single crystal oriented for single slip. The τs-γpl curve shows different characteristics in three
regions, A, B and C. When the applied plastic shear strain γpl is lower than γpl,AB (in region A),
the shear stress τs increases with γpl and approaches to a critical shear stress τ*s, saturation stress,
from which a plateau of the curve starts. In region A, fine slip markings can be observed but
there is no progressively accumulated damage. The persistent slip bands form at the beginning of
region B, from where the plastic shear strain amplitude is larger than γpl,AB. The volume portion
of PSB increases with the amplitude of γpl proportionally [26] in region B and PSBs will cover
the whole grain when γpl approaches to γpl,BC. A similar mode of behavior has been found later in
some other fcc and bcc single crystals and also in some polycrystalline materials [1].
In fcc single crystal oriented for multiple-slip, however, the hardening behavior is somewhat
different. From the research of Gong et al. [27] it was found that the plateau of shear stress-
plastic shear strain curve (range B in Fig. 1- 3) disappeared for Cu single crystal oriented for
multiple-slip and the well-defined PSBs are not commonly found. This implies that the PSBs
form dominantly in the single slip plane.
Fig. 1- 3 Schematic of hear stress-plastic shear strain curve of fcc single crystal
sτ
*
sτ
ABpl ,γ plγBCpl ,γ
A B C
10
There are fewer studies on the mechanism of PSB formation in bcc materials, although the
PSB was first discovered in a low carbon α−iron. The fatigue behavior of pure bcc materials is
very different from that of pure fcc materials. The strain hardening curves of a pure bcc single
crystal show very strong temperature, strain rate and impurity dependence [9]. If the temperature
is higher than a transition temperature Tk or the strain rate is low enough, or when impurity
elements are added, even if the amount is very small, the cyclic deformation behavior of bcc
changes significantly. Under these conditions, the cyclic deformation in bcc material can be quite
similar to that of fcc material. In the research of Sommer [16] on the low cycle fatigue behavior
of α-iron, with the added carbon content of only 74 wt ppm, the PSBs were observed, where the
experimental temperature was above 343K and the strain rate was slower than 1×10-4 /s. The
persistent slip bands were observed on the surfaces of a low carbon steel [28] and in the ferrite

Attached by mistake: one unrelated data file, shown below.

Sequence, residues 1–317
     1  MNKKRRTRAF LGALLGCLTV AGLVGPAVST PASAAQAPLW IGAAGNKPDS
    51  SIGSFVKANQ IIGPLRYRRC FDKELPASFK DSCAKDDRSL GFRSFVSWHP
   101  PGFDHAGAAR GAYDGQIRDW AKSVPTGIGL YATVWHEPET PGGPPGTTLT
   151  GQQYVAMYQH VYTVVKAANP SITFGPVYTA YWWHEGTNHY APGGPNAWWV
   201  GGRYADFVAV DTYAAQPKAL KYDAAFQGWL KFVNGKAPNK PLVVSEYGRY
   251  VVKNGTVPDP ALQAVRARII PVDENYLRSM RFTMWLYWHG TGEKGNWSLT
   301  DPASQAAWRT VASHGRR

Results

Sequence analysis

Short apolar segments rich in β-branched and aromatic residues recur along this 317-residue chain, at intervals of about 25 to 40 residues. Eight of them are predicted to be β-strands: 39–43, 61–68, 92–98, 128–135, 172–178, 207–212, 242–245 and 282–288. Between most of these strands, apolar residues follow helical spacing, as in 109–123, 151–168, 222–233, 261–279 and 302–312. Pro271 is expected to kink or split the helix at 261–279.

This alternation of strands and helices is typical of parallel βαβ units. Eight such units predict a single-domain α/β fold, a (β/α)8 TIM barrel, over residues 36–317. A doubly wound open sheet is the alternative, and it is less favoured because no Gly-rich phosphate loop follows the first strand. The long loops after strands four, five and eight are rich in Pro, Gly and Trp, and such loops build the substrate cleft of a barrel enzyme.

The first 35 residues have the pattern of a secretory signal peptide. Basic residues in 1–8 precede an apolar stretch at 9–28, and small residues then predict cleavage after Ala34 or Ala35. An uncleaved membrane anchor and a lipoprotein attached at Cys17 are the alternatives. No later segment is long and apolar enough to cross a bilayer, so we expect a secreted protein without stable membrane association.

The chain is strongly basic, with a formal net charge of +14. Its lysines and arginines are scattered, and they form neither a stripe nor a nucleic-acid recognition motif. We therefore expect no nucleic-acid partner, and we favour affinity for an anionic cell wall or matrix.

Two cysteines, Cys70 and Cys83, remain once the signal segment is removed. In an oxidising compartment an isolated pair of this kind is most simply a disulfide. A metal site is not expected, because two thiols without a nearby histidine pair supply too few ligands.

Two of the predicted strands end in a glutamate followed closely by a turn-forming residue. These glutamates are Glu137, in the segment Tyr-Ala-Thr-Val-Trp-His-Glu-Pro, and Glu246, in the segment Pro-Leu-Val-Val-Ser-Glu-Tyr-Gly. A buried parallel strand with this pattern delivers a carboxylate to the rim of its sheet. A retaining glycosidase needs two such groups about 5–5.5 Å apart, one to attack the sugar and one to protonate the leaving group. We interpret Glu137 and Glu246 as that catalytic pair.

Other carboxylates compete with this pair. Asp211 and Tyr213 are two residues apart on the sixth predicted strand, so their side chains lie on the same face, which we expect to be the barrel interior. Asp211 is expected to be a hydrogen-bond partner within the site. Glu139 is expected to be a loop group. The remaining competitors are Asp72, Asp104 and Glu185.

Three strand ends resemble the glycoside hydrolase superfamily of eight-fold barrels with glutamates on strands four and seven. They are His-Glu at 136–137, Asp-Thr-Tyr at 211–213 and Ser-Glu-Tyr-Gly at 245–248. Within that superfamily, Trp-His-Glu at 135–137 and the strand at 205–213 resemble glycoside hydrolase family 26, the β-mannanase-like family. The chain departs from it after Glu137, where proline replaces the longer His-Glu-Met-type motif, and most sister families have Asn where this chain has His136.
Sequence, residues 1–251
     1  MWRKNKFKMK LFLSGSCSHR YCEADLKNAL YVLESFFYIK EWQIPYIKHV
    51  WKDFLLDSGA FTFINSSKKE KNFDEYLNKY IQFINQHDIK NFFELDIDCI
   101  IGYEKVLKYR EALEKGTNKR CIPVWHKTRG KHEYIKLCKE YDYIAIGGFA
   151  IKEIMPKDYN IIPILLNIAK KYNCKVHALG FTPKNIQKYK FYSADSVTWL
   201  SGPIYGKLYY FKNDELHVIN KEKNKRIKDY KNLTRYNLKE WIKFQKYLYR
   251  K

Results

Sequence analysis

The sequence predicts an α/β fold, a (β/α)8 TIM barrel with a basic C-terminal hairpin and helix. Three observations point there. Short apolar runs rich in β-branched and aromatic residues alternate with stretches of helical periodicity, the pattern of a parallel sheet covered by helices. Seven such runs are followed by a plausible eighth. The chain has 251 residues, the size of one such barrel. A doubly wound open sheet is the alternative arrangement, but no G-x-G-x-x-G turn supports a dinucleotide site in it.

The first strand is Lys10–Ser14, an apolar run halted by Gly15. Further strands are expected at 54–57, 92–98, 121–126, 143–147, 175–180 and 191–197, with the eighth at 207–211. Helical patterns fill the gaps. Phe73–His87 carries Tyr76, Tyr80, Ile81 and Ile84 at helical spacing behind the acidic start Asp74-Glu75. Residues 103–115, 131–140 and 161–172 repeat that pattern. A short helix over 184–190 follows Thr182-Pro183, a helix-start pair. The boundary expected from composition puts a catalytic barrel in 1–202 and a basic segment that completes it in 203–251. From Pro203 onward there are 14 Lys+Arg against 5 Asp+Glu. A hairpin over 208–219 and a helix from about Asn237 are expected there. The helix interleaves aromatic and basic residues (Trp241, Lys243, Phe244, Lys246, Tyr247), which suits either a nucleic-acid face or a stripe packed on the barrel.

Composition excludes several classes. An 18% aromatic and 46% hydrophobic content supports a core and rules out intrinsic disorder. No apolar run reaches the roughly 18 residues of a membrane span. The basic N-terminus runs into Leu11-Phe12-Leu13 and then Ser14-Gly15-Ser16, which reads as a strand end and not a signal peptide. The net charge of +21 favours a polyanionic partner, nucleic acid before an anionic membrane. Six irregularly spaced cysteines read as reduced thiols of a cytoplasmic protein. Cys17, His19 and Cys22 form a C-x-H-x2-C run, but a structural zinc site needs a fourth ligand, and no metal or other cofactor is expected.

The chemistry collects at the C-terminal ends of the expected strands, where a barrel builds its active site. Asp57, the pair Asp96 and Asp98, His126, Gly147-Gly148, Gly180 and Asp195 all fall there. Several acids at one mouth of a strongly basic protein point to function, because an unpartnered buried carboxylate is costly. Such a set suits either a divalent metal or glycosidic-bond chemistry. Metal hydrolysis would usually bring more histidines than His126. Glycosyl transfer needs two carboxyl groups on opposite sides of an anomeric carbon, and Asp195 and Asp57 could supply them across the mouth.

phase of a steel [29] as well.
The PSB is a group of slip planes usually spreading in the whole grain size. The cyclic
loading induced surface roughness, the extrusions and intrusions which were identified by
scanning electron microscope, are located at the sites of PSBs. By advanced microscopic
techniques, such as the atomic force microscope (AFM), the microstructure of persistent slip
bands can be well-observed [30-31]. The profile of extrusions is approximately triangular and
they grow during fatigue life in the direction of the active slip. Microhardness measurement on
the PSB revealed that the PSB is softer than the matrix, therefore the material deformation is
mostly carried by PSBs.
1.2.2 Mechanism of Crack Initiation from PSB
The crack initiation in defect-free materials is found mostly taking place at PSBs. The
locations of crack nucleation are reported at the PSB-matrix interface [32], at the root of
intrusions [33] and extrusions [34]. The surface roughness is the result of irreversible dislocation
11
motion instigated by fatigue load cycles. From the observation of transmission electron
microscopy (reviewed by Suresh[1]) it is revealed that a dipole consisting of edge dislocations of
opposite signs will annihilate to form a vacancy if the space between them is smaller than a
critical value. The annihilation of dipoles is responsible for the extrusions and the interstitial-type
dipoles are responsible for intrusions.
The crack nucleation mechanism proposed by Essmann et al. [35] gives a detailed
microscopic description of the irreversible glide in PSBs based on the analysis of dislocation
movement. The hypothesis is that the annihilation of vacancy-type dipoles is the dominant point-
defect generation process and that the annihilation of dislocations within slip bands is the origin